I have to say, while I adore the first two mentioned lenses, the 70-200 is the lens that will consistently produce portraits that make me gawk at them. Above is a photo of Bonnie and Shane in the snow. While the above image gives viewers an idea of the big picture, here is a tighter, more personal shot – taken with the 70-200. Notice the buttery background. I love this look too, and think it will more often be one clients want to display on the wall.
While Bryan loves to use this lens most of the time, I really love to also use this lens most for Engagement or Bride and Groom portraits – especially when I have time and space to move closer and further away from the couple to get a variety of shots. This lens is sharp and quick to auto-focus while creating a gorgeous buttery bokeh that makes a portrait pop.
One of the best features of this Telephoto lens is the way it compresses the background of your photo, making things in the background seem larger and closer. I love using this feature in a variety of ways.
One fun benefit to this is that falling snow will look dreamy and amazing with this lens!
If I want to feature the scenery or a structure in the background more, I love the way this lens magnifies and compresses it beautifully. Take a look at these photos of Kaitlin’s Bridal Session. Notice the mountains in the right photo (taken with the 70-200) appear larger and more compressed verses my wide angle shot on the left. Each gives a different look.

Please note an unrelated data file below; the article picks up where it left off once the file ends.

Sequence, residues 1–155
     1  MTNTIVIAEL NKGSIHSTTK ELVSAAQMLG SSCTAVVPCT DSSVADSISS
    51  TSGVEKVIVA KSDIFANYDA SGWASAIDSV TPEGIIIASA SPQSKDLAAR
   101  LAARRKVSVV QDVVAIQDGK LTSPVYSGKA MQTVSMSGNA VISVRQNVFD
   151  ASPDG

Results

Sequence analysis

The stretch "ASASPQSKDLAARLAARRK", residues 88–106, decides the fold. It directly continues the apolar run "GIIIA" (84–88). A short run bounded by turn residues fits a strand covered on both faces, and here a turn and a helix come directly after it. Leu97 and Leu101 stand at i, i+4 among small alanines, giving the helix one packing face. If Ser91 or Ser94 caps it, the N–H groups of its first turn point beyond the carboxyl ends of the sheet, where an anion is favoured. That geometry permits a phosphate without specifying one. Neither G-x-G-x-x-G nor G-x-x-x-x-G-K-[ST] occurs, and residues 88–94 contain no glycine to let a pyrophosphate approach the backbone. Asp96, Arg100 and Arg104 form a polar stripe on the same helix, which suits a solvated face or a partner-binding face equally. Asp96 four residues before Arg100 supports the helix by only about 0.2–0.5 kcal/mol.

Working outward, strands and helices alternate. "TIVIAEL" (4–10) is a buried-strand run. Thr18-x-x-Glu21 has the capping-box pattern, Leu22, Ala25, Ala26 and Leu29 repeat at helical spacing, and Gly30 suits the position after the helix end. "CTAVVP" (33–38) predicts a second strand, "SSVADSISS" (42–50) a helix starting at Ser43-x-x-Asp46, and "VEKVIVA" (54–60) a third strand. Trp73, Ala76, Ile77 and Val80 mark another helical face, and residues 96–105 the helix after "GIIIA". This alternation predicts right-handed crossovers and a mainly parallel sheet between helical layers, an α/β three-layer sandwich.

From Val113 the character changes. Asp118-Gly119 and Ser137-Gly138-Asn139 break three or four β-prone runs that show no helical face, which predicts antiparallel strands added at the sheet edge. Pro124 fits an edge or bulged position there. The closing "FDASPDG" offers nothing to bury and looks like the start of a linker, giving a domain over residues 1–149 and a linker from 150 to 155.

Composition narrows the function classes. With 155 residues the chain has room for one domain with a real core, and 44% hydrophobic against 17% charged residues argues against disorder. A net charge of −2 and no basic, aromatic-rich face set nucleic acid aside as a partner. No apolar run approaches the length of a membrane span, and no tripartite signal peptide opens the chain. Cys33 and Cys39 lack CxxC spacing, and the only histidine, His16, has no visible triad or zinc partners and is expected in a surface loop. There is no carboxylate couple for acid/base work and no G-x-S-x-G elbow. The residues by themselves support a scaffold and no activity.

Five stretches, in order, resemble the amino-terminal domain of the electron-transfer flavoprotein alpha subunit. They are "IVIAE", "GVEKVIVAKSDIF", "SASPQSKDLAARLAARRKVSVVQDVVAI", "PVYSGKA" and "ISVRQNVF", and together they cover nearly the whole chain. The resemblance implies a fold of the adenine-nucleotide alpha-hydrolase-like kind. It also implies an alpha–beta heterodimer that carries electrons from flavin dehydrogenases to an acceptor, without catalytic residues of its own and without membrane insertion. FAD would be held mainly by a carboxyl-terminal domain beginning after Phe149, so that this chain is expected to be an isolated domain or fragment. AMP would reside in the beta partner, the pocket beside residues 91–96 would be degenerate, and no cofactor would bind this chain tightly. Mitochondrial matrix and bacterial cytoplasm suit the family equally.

This lens is also great for some details, ceremony and reception close-ups (especially first dance and parent dancing close-ups), toasts, and candids since you are less noticed when able to stand further away.
Well these are my lens favorites folks! Although I have a few other lenses that serve us well, I hope this peek at my own camera’s most loved lenses helps shed light on some of their advantages while encouraging you to find the lenses that match your personality and preferences so that you are always happily ready to photograph as you see things!